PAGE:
Using cross validation to assess interpolation results

Available with Geostatistical Analyst license.

Before you decide on an interpolation model for decision-making, you should investigate how well the model can predict values at new locations. However, if you don't know the true values at the locations between the measured points, how can you know whether your model is predicting the values accurately and reliably? Answering this question seems to require knowing the values of locations that you haven't sampled. However, there is a common and widely used method for assessing interpolation accuracy and reliability: cross validation.

Cross validation

Cross validation is a leave-one-out resampling method that first uses all input points to estimate the parameters of an interpolation model (such as the semivariogram of kriging or the power value of inverse distance weighting). It then removes a single input point and uses the remaining points to predict the value at the location of the hidden point, and the predicted value is compared to the measured value. The hidden point is then added back to the dataset, and a different point is hidden and predicted. This process repeats through all input points.

The diagram below shows the cross validation process for a single point. After estimating the interpolation model from all blue points, the value of the red point is hidden, and the remaining points are used to predict the value of the hidden point. The prediction is then compared to the measured value. This process repeats for all 10 points.

Cross validation process
A red point is hidden, and the value is predicted from the remaining points. This process is repeated for all points.

Cross validation is effective at assessing interpolation models because it simulates predicting values at new unmeasured locations, but the values of the locations are not unmeasured, only hidden, so the predicted values can be validated against their known values. If the model can accurately predict the values of the hidden points, it should also be able to accurately predict the values at new unmeasured locations. If, however, the cross validation errors are very large, you should also expect large errors when predicting to new locations.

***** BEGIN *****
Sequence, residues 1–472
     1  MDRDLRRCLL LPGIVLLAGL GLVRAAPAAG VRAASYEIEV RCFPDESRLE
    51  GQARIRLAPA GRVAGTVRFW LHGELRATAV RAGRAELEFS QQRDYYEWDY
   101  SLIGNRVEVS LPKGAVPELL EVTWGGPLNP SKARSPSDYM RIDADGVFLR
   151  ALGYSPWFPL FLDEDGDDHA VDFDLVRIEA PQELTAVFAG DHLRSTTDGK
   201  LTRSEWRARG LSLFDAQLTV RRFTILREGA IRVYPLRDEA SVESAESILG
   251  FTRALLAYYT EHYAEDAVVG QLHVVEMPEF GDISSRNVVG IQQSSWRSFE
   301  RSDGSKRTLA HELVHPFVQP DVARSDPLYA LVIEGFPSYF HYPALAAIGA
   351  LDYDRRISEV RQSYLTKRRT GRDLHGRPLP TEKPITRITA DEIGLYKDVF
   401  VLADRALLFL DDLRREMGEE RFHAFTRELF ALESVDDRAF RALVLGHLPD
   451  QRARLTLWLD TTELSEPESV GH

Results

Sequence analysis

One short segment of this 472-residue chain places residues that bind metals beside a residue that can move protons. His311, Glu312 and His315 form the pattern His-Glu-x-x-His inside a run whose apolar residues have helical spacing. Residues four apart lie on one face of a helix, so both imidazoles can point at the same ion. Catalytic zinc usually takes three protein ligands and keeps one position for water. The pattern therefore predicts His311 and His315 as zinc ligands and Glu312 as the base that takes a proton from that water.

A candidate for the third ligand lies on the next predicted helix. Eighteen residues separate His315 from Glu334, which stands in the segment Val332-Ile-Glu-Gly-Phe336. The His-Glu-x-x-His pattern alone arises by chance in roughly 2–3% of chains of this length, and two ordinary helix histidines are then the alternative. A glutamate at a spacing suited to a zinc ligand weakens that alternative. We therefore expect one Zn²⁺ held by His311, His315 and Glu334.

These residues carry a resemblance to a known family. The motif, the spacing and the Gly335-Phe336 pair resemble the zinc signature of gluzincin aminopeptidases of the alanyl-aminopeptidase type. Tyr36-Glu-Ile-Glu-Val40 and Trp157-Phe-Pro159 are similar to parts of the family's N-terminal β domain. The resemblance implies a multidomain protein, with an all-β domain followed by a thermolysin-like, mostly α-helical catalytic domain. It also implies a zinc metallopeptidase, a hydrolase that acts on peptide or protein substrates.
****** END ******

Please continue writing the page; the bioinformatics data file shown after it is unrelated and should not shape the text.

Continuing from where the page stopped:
Cross validation is performed automatically while building an interpolation model, and results are shown on the last page of the Geostatistical Wizard. Cross validation can also be calculated on an existing geostatistical layer using the Cross Validation tool. If a geostatistical layer is in a map, you can view the cross validation statistics by either right-clicking the layer and choosing Cross Validation or clicking the Cross Validation button in the Data ribbon menu for the geostatistical layer.

However, cross validation has the disadvantage that it initially uses all input points to estimate the interpolation model parameters before sequentially hiding each point. Because all points contributed to the estimation of the interpolation parameters, they were not entirely hidden in the procedure. Individual points generally do not greatly influence the estimated values of the interpolation parameters; however, for small datasets and datasets containing outliers, even a single point can significantly change the estimates of interpolation parameters. To entirely hide the values of points and avoid any double-use of the data, you can use validation.


Validation is similar to cross validation, except that it first removes an entire subset of the input points, called the test dataset. It then uses the remaining points, called the training dataset, to estimate the parameters of the interpolation model. The interpolation model then predicts to all locations of the test dataset, and the validation errors are calculated for each test point. Because the test dataset was not used in any way to estimate the interpolation parameters or make predictions, validation is the most rigorous way to estimate how accurately and reliably the interpolation model will predict to new locations with unknown values. However, validation has the large disadvantage that you cannot use all your data to build the interpolation model, so the parameter estimates may not be as accurate and precise as they would be if you had used all the data. Because of the requirement to reduce the size of your dataset, cross validation is usually preferred to validation unless the data is oversampled.

You can create the test and training datasets using the Subset Features tool. After building an interpolation model (geostatistical layer) on the training dataset, you can perform validation using the GA Layer To Points tool. Provide the geostatistical layer created from the training dataset, predict to the test dataset, and validate on the field used to interpolate. The validation errors and other validation statistics are saved in the output feature class.

The rest of this topic will discuss only cross validation, but all concepts are analogous for validation.

Cross validation statistics